Spalko is an interesting character because I don’t feel that Jones is ever genuinely intimidated by her. Perhaps it’s because he knows that she is looking for herself more than for the Soviet state, and probably because he doesn’t quite believe the hokum she’s selling with her attempts at mind reading and other such nonsense. But her search proves fruitful anyway, despite all the things Indy has seen before (even the repeated references to the Roswell incident and his experience there aren’t enough to make him a true believer). The hive mind of the alien race is terrifying, otherworldly, and, as Indy says, “I can’t imagine” what they could tell him. “I believe, sister. That’s why I’m down here.” Spalko goes for it and pays the ultimate price for her knowledge. In the end, when she finally gains all the knowledge she seeks – and then some – she disintegrates, and Indy is left with more questions than answers, which is likely how he wants it.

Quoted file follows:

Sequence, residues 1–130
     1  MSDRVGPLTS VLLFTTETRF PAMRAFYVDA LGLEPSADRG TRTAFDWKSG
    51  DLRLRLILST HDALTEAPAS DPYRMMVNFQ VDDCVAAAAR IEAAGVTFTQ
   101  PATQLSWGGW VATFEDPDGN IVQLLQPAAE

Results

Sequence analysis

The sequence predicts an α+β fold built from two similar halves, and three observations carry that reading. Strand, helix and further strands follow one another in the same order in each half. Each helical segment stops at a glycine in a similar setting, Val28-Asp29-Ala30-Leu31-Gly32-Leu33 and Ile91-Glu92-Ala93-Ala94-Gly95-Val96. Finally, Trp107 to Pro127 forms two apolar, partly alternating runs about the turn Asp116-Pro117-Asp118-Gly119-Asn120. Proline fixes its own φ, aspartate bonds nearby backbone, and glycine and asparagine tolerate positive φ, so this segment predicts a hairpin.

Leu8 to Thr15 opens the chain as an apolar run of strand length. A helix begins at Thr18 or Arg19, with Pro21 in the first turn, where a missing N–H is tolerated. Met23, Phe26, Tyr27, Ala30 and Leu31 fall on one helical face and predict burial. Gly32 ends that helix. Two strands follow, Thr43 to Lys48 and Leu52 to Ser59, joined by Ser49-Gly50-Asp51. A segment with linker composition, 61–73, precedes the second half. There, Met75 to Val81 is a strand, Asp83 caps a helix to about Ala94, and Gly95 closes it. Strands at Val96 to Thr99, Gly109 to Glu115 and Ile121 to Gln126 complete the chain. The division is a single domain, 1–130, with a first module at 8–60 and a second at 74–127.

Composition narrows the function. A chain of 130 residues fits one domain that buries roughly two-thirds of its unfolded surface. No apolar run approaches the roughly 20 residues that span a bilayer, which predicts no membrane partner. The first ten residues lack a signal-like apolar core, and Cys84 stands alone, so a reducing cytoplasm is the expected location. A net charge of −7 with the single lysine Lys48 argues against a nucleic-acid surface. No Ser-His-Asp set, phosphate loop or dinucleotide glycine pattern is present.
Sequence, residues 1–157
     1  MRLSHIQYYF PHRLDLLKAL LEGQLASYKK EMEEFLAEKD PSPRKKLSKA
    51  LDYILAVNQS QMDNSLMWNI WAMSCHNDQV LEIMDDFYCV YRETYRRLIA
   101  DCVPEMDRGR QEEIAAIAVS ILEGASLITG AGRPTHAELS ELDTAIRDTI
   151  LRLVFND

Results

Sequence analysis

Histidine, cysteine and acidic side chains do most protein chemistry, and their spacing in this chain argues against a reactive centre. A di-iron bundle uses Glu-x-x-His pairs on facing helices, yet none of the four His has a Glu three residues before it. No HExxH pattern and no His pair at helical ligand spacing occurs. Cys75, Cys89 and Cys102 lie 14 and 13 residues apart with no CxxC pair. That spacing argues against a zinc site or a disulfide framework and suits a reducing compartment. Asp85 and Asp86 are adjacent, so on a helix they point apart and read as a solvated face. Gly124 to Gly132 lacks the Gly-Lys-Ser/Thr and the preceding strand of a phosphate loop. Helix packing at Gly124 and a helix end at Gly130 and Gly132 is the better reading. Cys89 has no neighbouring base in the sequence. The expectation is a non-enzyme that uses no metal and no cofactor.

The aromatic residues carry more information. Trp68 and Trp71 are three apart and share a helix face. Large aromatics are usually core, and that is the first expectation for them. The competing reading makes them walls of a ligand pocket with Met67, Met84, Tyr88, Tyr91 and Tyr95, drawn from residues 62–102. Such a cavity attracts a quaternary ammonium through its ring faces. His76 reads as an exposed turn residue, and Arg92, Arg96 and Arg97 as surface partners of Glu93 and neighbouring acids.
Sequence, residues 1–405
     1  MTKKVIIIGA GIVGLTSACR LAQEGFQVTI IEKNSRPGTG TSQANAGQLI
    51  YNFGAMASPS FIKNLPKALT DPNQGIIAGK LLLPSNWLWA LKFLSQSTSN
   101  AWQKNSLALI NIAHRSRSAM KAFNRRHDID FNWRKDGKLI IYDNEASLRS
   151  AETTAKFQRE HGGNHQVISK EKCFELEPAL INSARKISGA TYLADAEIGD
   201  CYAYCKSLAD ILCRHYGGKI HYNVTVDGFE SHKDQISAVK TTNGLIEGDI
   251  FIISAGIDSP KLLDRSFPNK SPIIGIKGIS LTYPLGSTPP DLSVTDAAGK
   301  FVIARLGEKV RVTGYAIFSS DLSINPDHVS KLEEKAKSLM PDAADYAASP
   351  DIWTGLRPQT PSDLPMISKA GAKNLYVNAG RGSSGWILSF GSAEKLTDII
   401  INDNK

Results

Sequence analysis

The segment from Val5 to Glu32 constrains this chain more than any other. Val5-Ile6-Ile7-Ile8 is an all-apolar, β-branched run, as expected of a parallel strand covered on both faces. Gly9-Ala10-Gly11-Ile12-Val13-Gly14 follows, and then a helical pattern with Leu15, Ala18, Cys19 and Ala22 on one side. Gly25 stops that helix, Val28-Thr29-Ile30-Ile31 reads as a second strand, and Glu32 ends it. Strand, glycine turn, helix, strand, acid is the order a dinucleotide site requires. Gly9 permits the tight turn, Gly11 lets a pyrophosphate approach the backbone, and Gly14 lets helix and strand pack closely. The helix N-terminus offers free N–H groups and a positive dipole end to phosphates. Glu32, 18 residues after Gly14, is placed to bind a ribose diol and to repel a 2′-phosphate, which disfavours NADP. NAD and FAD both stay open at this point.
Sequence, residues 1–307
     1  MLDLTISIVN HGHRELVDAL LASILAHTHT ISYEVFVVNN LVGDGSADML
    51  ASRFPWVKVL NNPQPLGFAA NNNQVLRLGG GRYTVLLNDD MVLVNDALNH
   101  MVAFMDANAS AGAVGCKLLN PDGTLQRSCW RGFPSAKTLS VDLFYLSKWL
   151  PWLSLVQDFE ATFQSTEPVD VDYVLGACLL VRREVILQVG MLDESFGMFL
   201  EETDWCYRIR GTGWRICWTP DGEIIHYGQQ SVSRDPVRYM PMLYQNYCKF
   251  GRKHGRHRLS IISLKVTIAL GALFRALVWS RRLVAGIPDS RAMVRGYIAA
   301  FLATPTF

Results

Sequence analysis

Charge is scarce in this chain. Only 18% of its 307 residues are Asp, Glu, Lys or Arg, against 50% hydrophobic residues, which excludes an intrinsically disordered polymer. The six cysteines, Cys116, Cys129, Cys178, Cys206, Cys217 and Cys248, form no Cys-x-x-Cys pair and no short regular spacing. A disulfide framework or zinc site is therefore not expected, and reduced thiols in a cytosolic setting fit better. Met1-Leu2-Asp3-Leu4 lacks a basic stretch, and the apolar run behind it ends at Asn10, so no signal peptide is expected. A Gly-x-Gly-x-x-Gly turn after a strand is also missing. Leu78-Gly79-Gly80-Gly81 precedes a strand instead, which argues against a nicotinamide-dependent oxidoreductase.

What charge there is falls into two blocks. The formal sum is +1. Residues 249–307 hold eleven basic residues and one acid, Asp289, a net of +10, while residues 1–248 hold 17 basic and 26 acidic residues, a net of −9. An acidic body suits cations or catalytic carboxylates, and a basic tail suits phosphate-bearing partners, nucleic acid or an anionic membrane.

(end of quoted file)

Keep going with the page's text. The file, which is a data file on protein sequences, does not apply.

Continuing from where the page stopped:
The film leading up to this point has given plenty of indication that this is where it’s going, from the use of the Mitchell-Hedges skull (whose own credibility as a legitimate artifact is in question) to Spalko herself, Stalin’s lead scientist and psychic researcher. This foray into full blown Sci-Fi makes perfect sense if we take into account the spirit of the series in the 1930s and transport that twenty years into the future to 1957. The hallmarks of the 50s, aside from the Cold War and the dawn of the nuclear age, were the B-movies, often science fiction, and often featuring variations on saucer men. Also, given both Lucas and Spielberg’s obsessions with the genre itself, the first three films intention to update the types of adventure movies made during the period in which they were set, and the inclusion of nods to it even in the original series (the ending of The Last Crusade is nothing if not historical fantasy infused with the very likely existence of multiple realities or planes of existence), this progression is no surprise.